A woman must have a legal (Sharee`ah legislated) mahram (male chaperone) before she can embark upon a journey. Without a mahram a woman cannot even travel for Hajj and Umrah – and these are from the greatest acts of worship – so it goes without saying that a journey lesser than these two mighty acts of worship also not permitted except with a mahram. It does not matter whether the journey (of leaving her home village, town or city) is short or long; it matters not whether she has a group of women with her or she is alone; it matters not whether she is young, pretty and vulnerable or old, unattractive and experienced; it does not matter whether she leaves by car or plane or ship – regardless of these things, a woman is required to have a mahram upon her travels. This is due to the hadeeth of Ibn ‘Abbaas (radiyallaahu `anhumaa) who narrated from the Prophet (salallaahu `alaihi wassallam) that he said: “A woman is not allowed to be alone with a man unless there is with her a mahram. And a woman is not allowed to travel except along with a mahram.” A man stood up and said: “O Messenger of Allaah! My wife has left out to perform Hajj and I have enlisted for the army in battle.” So the Prophet (salallaahu `alahi wassallam) said: “Go and and perform Hajj along with your wife.” (Bukhaaree and Muslim) So the Prophet did not seek from him details of whether she were with her a group of other woman, or whether she was young and beautiful, or whether the trip was going to be safe. So the mahram is a means of protection and preservation of the woman from harm and corruption; and harassment from wicked people who have not no scruples, honour or respect for woman. It is the duty of the male chaperone to prevent the woman from coming to harm or from falling into that which is forbidden. Before is a mind map illustration of the permissible male chaperones (mahaarim) of a woman, as explained by the great scholar and jurist, Shaikh Muhammad Ibn Saalih Al-`Uthaimeen (rahimahullaah).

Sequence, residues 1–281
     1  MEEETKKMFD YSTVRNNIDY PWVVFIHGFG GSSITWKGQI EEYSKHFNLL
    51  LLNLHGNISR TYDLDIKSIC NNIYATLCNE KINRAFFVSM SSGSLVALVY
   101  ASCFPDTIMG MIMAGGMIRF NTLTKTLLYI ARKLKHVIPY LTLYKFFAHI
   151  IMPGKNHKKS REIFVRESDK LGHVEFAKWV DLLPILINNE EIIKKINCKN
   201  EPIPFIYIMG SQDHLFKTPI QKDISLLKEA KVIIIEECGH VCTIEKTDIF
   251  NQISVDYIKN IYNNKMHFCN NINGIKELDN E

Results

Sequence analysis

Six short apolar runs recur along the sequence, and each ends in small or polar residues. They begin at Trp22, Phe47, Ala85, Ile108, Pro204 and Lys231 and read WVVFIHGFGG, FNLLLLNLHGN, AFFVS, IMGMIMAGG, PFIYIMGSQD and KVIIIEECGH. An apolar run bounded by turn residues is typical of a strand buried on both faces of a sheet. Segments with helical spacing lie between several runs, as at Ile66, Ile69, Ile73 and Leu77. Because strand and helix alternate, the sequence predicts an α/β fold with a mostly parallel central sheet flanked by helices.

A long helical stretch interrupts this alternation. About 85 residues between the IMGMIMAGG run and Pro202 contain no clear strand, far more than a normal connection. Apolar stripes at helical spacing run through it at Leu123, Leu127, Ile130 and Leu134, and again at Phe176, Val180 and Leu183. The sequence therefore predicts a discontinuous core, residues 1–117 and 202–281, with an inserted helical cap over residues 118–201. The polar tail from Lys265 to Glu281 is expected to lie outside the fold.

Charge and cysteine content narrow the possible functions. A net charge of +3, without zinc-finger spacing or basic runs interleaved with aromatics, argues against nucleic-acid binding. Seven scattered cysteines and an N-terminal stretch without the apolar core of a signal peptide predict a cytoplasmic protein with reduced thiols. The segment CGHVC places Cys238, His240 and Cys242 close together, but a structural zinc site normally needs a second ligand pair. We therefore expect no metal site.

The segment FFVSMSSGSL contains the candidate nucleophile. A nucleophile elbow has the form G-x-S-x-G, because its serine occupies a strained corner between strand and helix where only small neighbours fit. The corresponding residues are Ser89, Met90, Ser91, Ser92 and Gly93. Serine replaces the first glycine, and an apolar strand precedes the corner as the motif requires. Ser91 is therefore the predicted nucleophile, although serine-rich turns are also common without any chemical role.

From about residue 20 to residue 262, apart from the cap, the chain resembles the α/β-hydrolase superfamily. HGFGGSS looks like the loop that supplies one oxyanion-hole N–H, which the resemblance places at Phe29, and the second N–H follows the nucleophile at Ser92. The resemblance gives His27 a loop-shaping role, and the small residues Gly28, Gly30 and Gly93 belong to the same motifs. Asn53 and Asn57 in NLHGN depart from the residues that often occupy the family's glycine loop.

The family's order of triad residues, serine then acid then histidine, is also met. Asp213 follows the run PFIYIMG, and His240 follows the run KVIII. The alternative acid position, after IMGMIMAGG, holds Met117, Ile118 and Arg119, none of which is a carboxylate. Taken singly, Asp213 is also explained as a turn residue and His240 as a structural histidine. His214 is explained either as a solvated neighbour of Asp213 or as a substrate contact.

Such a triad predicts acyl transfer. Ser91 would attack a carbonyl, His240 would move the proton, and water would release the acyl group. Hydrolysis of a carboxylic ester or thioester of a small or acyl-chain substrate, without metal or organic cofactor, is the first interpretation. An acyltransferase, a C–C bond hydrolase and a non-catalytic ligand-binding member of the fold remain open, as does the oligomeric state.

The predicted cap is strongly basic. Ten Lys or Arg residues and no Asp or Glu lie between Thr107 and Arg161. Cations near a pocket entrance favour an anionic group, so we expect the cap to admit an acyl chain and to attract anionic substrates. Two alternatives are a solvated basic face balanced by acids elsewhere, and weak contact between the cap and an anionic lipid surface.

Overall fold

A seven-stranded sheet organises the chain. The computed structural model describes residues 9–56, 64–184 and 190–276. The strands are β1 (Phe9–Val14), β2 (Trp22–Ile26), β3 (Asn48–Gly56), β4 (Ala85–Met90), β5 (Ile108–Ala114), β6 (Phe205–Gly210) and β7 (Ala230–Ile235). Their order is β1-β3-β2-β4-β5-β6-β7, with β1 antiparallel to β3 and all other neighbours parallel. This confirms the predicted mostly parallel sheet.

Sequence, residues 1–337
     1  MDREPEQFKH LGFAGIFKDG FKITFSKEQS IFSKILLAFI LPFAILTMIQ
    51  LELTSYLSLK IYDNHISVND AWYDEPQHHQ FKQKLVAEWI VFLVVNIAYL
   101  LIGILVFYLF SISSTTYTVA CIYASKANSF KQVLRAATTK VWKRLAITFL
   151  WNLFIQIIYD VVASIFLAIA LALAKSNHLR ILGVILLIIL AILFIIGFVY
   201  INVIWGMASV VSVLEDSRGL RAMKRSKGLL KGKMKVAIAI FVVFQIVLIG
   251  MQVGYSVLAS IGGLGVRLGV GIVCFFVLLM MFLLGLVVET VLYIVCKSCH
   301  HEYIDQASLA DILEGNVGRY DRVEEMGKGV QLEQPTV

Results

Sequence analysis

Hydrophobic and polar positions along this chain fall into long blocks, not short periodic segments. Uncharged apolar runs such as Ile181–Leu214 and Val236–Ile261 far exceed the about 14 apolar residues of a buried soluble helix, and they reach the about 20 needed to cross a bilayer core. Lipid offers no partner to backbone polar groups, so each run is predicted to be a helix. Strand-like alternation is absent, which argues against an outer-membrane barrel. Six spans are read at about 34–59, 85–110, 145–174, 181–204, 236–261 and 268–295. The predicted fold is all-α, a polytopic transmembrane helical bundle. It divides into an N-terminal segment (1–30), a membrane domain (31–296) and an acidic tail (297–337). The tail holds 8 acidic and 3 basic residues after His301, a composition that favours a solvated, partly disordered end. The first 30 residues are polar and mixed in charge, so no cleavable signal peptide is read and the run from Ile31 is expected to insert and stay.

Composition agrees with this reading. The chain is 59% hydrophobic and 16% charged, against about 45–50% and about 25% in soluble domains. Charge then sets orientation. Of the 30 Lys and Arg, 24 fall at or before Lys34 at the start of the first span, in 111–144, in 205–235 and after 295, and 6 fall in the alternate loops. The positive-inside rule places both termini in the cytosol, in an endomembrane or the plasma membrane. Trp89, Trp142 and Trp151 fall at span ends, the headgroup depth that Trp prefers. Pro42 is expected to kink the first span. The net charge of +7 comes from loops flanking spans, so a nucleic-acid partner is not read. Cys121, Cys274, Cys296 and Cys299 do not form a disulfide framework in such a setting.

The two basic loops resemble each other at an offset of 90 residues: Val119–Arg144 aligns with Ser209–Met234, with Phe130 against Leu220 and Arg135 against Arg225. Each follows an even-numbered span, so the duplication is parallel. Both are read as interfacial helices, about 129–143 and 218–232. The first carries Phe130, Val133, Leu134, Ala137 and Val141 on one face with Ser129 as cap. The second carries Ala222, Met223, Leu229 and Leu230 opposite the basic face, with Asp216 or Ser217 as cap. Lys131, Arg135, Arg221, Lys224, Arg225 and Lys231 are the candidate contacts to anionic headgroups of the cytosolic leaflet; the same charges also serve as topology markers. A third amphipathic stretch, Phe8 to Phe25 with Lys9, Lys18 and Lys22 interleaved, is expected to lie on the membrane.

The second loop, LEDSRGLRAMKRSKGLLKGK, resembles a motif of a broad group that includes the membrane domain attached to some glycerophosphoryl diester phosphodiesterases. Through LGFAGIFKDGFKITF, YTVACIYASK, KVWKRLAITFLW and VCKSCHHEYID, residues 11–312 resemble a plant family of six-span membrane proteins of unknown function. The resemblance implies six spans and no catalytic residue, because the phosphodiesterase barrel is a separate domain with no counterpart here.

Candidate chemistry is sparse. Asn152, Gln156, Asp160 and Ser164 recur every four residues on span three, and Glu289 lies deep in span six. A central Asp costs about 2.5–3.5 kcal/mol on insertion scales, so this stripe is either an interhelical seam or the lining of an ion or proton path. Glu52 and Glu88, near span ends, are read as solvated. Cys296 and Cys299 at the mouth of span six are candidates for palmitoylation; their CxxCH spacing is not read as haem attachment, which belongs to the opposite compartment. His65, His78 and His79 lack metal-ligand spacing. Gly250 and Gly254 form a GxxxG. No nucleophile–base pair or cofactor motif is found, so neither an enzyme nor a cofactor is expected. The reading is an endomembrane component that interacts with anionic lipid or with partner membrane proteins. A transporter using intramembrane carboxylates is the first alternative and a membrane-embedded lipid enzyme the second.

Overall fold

Here’s a PDF version:
A journey in the Arabic language: To exit from the dwellings/buildings of a township wherein one resides. In the Sharee`ah: It is any leaving out that requires preparation that is not required by the resident of a town. A traveller no doubt makes a particular type of preparation for his journey – and a resident of a town does not do that, and the first of that is the intent. (Shaikh Al-Albaanee, Silsilah al-Hudaa wan-Noor, tape 025)
There are rare circumstances where a woman is forced to travel due to a necessity beyond her control, and she not able to find a mahram. In this situation she must seek guidance from the Scholars of Sunnah and Salafiyyah.